It turns out I do like short sci-fi, though. I think this is probably because sci-fi is naturally more focused on outlandish ideas that can be nicely explored within the limited scope of a short story -- wouldn't-it-be-neat no
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Kristal Kitap
Vee bitti. Çok sevdim, çok sevdim. Özellikle "Anlamak" hikayesine bayıldım. Keşke filmi çekilse! Her şey algı kapasitemiz dahilinde olsa ne olurdu? "Her şeyi çözümleyebilsek; evrendeki her varlığın, en ufak noktacığın bile başka bir etmenle bağlantısı olduğunu anlayabilsek; beynimizin bile nasıl çalıştığını görebilsek, nasıl olurdu?" sorusunun bir cevabıydı sanki.

Öyle çok aman aman Bilim Kurgu okuyucusu değilim belki de ondan böylesi bi haz aldım Geliş'ten bilemiyorum. Kısa kısa hikayeler içimd
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Rachel (Kalanadi)
Aug 24, 2016 Rachel (Kalanadi) rated it it was amazing  ·  review of another edition
Shelves: collections
I have a very emotional personal connection to this short story collection. It’s intense enough inside my head and unique to my experience, so that even talking about this feels like baring an uncomfortably sensitive part of one’s flesh… It’s like crying in public because you can’t stop, and hoping nobody laughs at you for being soppy when you are, in fact, grieving.

I first read Stories of Your Life and Others in 2014, and I finished it the day before I had surgery. This was a very intense time
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somuchreading
Jan 06, 2017 somuchreading rated it it was amazing  ·  review of another edition
Shelves: own-now
Πως γίνεται ένας σημαντικός συγγραφέας της λογοτεχνίας να λογίζεται σαν τέτοιος γράφοντας απλά, στα 27 χρόνια της πορείας του μέχρι σήμερα, να έχει γράψει μόνο 14 διηγήματα και 1 νουβέλα; Αμ έλα που γίνεται.

Ο Ted Chiang ενδιαφέρεται για την ανθρώπινη κατάσταση και την ανθρώπινη εμπειρία, για τη γλώσσα, για τους φυσικούς νόμους. Στρίβει το πλαίσιο του είδους της επιστημονικής φαντασίας και φέρνει τα μέσα έξω, για να δοκιμάσει πάνω μας με αυτόν τον τρόπο [πειράζοντας δηλαδή τις προσδοκίες μας από
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LeAnne
Nov 21, 2016 LeAnne rated it really liked it
If it were not for the recently released movie entitled Arrival, my faith in the appeal of sci-fi writing would still be agnostic at best. But today? Baby, I'm a believer!

NO SPOILERS Ted Chiang is the man. Brilliant science, mind bending math, psychological intrigue, and love are melded in his work. Im embarrassed to not only have not read anything by him before but not to have ever even heard his name! Yeah - time to break out of my comfortable genres and find beauty in other places.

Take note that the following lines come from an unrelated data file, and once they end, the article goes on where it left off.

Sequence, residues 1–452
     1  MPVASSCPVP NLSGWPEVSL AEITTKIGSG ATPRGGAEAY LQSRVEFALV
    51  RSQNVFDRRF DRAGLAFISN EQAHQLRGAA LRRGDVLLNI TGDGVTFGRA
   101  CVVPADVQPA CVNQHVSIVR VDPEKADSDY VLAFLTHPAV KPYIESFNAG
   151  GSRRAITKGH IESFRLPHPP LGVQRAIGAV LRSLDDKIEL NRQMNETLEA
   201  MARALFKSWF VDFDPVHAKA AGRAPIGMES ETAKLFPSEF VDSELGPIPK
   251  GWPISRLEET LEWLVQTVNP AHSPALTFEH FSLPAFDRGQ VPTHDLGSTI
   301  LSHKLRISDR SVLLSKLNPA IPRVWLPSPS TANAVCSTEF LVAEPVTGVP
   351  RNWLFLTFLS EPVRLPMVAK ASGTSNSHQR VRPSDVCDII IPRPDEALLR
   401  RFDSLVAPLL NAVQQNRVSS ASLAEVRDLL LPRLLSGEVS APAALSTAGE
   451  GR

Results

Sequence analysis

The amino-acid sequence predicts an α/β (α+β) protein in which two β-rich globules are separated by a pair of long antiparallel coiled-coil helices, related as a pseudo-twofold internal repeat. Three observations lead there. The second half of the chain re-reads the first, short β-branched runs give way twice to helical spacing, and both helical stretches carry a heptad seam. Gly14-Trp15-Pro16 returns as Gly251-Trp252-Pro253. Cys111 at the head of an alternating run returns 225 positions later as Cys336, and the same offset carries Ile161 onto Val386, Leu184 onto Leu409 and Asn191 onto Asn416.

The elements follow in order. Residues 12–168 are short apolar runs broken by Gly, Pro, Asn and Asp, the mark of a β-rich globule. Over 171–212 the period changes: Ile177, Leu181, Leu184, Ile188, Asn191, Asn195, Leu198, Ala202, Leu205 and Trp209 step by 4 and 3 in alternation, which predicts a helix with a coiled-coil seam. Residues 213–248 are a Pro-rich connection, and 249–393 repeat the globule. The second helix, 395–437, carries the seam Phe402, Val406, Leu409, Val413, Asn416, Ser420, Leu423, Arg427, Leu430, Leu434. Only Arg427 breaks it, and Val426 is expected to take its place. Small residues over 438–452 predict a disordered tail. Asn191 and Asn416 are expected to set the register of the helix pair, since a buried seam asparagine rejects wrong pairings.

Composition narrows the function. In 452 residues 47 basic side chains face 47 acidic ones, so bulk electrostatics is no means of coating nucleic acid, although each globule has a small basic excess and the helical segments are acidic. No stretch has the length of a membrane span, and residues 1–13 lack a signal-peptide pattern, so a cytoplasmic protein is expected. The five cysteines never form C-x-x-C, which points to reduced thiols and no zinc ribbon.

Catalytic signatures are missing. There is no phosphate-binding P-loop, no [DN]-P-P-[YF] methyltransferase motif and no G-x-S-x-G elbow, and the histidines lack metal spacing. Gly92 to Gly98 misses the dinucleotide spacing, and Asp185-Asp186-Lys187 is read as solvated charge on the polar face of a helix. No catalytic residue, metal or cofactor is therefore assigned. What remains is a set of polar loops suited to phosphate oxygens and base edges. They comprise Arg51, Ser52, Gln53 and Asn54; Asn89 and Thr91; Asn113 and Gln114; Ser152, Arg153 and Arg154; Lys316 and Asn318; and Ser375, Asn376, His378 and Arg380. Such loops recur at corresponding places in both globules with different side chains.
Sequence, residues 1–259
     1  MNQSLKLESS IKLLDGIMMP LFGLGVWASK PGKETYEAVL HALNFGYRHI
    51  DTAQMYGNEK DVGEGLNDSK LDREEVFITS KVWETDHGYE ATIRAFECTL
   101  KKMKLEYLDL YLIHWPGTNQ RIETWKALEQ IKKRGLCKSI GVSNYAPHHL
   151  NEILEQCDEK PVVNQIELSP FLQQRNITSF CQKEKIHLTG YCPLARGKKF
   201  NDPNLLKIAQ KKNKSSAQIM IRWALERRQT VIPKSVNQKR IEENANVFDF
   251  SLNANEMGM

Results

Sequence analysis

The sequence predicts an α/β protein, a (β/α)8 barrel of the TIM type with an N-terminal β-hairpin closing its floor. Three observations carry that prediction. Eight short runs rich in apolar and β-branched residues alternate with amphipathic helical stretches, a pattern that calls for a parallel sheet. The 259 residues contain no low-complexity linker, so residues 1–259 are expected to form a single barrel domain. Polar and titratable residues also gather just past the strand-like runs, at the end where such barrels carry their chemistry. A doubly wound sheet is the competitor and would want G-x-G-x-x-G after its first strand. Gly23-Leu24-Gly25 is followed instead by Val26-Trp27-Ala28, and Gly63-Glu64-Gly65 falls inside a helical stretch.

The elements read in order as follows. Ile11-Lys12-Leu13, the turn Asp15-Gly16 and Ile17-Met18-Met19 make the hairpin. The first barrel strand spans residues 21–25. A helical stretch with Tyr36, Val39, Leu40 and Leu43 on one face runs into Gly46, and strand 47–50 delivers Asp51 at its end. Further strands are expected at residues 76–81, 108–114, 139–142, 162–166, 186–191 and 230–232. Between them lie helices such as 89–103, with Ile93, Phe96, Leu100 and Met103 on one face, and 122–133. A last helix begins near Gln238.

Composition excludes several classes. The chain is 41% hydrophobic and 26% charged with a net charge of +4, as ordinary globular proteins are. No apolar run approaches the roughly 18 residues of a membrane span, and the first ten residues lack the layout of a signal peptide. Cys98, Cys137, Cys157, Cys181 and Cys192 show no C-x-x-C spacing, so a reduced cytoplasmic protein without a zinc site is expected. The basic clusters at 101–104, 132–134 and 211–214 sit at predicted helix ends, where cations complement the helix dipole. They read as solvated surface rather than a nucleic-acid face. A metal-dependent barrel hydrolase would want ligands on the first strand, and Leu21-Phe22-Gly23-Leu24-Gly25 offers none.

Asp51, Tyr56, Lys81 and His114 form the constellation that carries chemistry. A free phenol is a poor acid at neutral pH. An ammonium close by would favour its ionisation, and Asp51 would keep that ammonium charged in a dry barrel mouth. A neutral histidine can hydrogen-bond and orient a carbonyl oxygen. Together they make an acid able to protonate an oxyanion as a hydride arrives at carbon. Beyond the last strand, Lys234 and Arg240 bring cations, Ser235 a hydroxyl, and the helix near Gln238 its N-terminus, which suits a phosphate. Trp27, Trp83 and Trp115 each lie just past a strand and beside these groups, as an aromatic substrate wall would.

So, have y
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Stevie Kincade
Dec 09, 2016 Stevie Kincade rated it really liked it  ·  review of another edition
Shelves: reviewed, audiobooks
Can I just say holy hot goddamn is Arrival an awesome movie! I always feel massively let down by SF movies as the 90 minute format with explosions and lasers rarely leaves room for the big concepts and character development I love in the written form. The last spectacular SF movie was...Cloud Atlas I think? So I will say this a top 2 SF movie of the last 10 years. This is a MUST SEE if you love good SF and if you haven't read the book first - don't! I normally always want to read the book first ...more
Rob
May 03, 2014 Rob rated it did not like it
No accounting for taste especially your own.
This book has had rave reviews and not from the usual sources. It has won a few well regarded awards. And I hated it.
The overall writing style I found to be flat. The characterisation was awful. Has this author ever met another human and talked to them? It has the same warmth as an IT support manual.
Quite a bit of science fiction is not exactly literary but it more than makes up for it by exploring ideas. This collection of short stories had ideas but
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Michelle Morrell
This was originally printed as "Story of Your Life and Other Stories," this copy was the movie tie-in for "Arrival" though.

A collection of gorgeous, smart, and quiet stories. It came into my awareness because of the movie, so I'll start there. The adaptation to film was very well done, it really captured the tone of the story, of the whole collection. Thoughtful, intelligent, musing. The kind of stories where you put the book down and just think.

"Story of Your Life" has to do with an alien fir
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Stefan
In his review of Ted Chiang’s brilliant short story collection Stories of Your Life and Others in The Guardian, China Miéville mentions the “humane intelligence [...] that makes us experience each story with immediacy and Chiang’s calm passion.” The oxymoron “calm passion” is an insightful and ingenious way to describe these stories because of the way it hints at their deft melding of the most solid of hard science fiction concepts with an often surprisingly gentle, humane touch. There’s no othe ...more
Alina
May 20, 2015 Alina rated it it was amazing  ·  review of another edition
A collection of exquisite stories, SF mixed with psychology and spirituality. The language is quite complex and it features many math and physics concepts, but all fairly manageable.

Tower of Babylon
The pursuit of absolute knowledge (view spoiler)
3.5/5★

Understand
If you had immense knowledge and intelligence, would you try to help humankind evolve or just disassociate and try to satisfy all your curiosities?